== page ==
R: Do you listen to music when you write or do you prefer to write in silence?

K: It really depends on my mood. If I decide to write with music it has to be instrumental, that way it won’t interrupt my flow.  Although, my main preference is silence when I write, and that is mainly because the smallest things (even some instrumental music) can distract me and I always feel the need to keep my distractions to a minimum.

R: You adapted the best-selling novel Friends and Lovers by Eric Jerome Dickey for the stage. Do you think you’ll ever return to playwriting?

K: Well I never set out to be a playwright nor do I consider myself one; that project just kind of fell into my lap.  I immensely enjoyed the process but don’t have any plans as of now to do any more plays.

R: But do you think you’d ever want to turn one of your own novels into a play?

K: Haven’t really thought about it, but I guess if the opportunity presented itself, it might be an interesting journey, although I think I would rather see one of my books on the big screen rather than in a play.

R: A young writer wants your advice.  What three things do you tell her?

1. Read as much as you can in all genres.  The best advice I ever got from a writer was to read what you love as well as what you don’t.  A lot of writers tend to read what is in their comfort zone or what they like, but I have found that reading all genres opens you up to so much more.

2. Write everyday. I believe writers are not born but made.  My motto is:  The more you write the better you get.  I see that in my writing everyday.  The more I write on a consistent basis I see two things happening: 1. it’s easier to sit down and start my writing each day; and 2.  the writing process just gets easier and faster.

3. Go out and experience life.  As writers we tend to be a bit reclusive.  I get it; I can be that way at times myself. However, in order to write good stuff we usually have to experience good stuff. If you don’t get out there and explore new things from time to time, you could find yourself stifled.  11501_10151792539124575_1103864225_n

R: Miss K. Elle, would you describe your perfect Sunday for us?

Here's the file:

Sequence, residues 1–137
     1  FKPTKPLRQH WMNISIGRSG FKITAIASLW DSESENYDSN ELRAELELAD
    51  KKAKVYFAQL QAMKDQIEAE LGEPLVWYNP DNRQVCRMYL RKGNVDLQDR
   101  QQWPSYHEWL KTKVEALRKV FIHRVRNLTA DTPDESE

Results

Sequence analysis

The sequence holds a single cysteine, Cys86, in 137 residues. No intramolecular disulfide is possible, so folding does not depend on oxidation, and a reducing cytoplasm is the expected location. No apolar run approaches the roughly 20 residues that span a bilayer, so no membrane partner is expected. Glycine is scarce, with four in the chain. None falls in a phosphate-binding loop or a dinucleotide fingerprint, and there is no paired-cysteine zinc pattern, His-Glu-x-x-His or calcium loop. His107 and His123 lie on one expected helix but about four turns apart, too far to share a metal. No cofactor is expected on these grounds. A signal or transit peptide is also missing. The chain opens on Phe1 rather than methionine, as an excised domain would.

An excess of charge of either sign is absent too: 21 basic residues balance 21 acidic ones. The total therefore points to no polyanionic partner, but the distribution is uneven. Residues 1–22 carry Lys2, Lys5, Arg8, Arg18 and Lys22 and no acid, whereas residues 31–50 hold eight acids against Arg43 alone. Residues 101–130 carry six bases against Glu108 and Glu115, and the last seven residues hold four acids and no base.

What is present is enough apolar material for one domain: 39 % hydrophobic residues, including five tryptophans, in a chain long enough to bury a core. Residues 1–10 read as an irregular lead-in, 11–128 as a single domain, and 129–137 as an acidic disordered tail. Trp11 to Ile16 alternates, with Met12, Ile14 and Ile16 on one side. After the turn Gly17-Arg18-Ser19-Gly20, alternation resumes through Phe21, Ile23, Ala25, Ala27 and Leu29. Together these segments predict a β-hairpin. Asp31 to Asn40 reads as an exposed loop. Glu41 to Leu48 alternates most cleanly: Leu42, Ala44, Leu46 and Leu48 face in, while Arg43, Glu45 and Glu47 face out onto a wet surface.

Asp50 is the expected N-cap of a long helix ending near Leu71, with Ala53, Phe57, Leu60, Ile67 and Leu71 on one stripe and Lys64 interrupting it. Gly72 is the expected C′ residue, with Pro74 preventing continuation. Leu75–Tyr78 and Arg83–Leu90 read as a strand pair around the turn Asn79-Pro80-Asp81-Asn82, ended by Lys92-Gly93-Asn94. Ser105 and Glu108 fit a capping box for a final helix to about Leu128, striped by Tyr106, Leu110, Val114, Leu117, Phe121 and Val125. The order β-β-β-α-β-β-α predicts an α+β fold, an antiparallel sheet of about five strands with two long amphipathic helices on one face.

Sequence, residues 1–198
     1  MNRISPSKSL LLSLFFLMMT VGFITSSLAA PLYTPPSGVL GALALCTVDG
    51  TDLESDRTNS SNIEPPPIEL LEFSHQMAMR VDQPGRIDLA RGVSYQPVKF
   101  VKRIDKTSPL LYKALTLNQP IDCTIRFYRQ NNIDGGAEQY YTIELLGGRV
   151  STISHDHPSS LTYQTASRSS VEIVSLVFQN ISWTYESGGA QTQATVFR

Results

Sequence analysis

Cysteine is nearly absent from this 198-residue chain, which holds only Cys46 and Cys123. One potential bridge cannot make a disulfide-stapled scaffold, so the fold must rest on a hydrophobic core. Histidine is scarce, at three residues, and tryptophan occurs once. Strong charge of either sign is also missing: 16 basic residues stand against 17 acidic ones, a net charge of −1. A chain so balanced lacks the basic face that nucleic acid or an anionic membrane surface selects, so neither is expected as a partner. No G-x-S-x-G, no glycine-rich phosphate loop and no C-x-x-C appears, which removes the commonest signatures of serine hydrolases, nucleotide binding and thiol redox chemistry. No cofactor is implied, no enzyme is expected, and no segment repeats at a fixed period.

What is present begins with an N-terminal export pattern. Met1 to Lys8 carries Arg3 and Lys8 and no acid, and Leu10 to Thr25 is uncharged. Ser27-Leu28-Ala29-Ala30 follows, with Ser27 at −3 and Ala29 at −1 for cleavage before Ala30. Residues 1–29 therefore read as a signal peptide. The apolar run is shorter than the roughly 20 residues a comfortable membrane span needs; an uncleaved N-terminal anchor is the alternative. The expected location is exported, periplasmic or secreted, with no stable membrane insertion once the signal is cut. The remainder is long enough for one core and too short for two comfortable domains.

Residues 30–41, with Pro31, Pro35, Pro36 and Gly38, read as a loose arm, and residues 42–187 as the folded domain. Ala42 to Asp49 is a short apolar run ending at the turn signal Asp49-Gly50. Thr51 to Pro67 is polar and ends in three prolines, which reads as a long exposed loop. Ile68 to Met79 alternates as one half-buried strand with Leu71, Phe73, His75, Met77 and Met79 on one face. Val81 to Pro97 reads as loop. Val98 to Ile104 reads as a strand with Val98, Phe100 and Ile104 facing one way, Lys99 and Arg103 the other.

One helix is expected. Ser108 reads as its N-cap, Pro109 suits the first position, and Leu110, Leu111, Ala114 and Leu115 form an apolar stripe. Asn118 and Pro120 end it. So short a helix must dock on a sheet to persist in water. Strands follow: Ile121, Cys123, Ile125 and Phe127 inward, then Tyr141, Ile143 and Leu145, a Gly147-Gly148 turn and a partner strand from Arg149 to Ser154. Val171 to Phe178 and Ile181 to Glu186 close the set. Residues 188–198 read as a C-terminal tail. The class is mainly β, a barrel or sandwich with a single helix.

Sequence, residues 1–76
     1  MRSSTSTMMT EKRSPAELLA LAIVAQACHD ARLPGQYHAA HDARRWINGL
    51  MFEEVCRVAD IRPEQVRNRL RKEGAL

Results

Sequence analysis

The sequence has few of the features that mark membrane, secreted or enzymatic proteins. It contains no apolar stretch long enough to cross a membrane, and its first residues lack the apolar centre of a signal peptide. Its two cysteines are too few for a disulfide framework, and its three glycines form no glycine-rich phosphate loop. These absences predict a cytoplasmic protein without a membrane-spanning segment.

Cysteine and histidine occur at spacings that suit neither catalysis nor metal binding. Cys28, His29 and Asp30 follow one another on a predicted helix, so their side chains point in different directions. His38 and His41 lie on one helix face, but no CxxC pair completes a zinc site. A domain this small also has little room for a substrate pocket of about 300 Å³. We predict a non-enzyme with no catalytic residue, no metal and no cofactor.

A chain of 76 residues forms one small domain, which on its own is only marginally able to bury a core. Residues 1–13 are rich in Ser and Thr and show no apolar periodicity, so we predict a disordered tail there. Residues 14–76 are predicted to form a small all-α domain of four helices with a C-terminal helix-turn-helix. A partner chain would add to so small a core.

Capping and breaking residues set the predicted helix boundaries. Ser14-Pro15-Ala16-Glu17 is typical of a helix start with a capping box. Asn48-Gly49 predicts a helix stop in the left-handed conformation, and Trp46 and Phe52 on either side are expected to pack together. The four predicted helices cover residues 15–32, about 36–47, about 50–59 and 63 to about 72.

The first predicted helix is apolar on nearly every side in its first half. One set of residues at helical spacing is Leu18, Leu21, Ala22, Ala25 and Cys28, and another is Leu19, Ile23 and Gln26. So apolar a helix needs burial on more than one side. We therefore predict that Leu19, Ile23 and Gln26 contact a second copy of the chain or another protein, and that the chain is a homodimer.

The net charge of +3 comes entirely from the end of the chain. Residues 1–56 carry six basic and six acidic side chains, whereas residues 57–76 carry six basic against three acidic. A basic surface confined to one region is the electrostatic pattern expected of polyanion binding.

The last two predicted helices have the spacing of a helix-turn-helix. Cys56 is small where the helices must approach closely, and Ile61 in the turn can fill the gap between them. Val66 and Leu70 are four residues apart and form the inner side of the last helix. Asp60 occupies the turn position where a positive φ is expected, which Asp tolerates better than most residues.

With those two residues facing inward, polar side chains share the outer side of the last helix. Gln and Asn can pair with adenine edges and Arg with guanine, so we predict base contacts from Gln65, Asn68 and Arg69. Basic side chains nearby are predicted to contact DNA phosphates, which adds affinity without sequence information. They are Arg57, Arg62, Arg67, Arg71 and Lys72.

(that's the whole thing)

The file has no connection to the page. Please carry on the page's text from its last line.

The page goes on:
K: Relaxing at home with a good movie or hanging out with close friends.

R: If calories didn’t matter, what would you pig out on?

K: Anything made of dark chocolate with almonds.  iStock_000010960618XSmall

R: You’ve written the helpful book, From Concept to Kindle: A Step-by-Step Guide to Writing, Publishing and Marketing your Novel on the Amazon Kindle. What are one or two advantages to self-publishing?

K: I think the biggest advantage of self-publishing is that you can pretty much write whatever you want to write.  Before I started on my self-publishing journey, I submitted “My Man’s Best Friend” to numerous publishers and agents who quickly rejected my book.  I realized my subject matter was not of the “norm” with the other contemporary romance books, so I don’t think anyone could actually see it selling. Boy were they wrong! Ha.  So without the avenue of self-publishing, my book may not have ever made it to the large readership that I have today.

A second advantage of self-publishing is the author gets a bigger piece of the so-called pie.  There aren’t any publishers or agents there to take their cut, so in essence you can sell half the amount of books of a traditional author and make just as much in residuals.

R: Are there any disadvantages?

K: Now, the disadvantages of self-publishing are that you are the publisher, so the success or failure of your novel falls exclusively into your lap.  Being a self-published author is hard work; you have to wear multiple hats which can get a bit overwhelming at times, and if you do not like the business side of writing then you may not be able to sell as many books as you like.  I find myself working from sun up to sun down, dividing my day up between writing, marketing and the publishing aspects of the writing business.  I personally love being in control of what I do and what I make.

R: What are your favorite hangouts in Los Angeles?

K: I like to people watch so I find myself at the beach or a favorite coffee shop.

R: Any hidden gems you can tell us about?

K: A friend of mine just told me about a place in Malibu called “Moonshadows” so recently I decided to visit and it was amazing.  If you like dinning right on the water with the sound of the waves crashing onto the shore while taking in a beautiful sunset with great music and tasty drinks, then this is the place for you!



 Thanks, K. Elle!